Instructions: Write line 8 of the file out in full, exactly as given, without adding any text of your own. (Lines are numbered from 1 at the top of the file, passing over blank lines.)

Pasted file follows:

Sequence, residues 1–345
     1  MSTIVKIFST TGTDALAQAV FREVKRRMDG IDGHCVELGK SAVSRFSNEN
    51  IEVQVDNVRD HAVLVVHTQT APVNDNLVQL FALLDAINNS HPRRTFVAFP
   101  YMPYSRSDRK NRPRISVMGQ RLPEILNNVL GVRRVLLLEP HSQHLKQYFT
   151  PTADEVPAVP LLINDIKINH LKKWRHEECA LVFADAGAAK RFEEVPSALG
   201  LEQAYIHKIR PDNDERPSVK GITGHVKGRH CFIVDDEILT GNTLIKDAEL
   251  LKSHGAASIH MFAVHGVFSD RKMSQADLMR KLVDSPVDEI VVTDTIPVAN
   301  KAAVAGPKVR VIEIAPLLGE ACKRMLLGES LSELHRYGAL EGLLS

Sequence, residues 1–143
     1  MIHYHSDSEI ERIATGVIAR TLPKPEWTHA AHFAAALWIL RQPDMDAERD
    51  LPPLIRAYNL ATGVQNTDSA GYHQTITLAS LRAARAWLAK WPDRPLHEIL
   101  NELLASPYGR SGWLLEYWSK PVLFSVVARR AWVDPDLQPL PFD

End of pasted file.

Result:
   301  KAAVAGPKVR VIEIAPLLGE ACKRMLLGES LSELHRYGAL EGLLS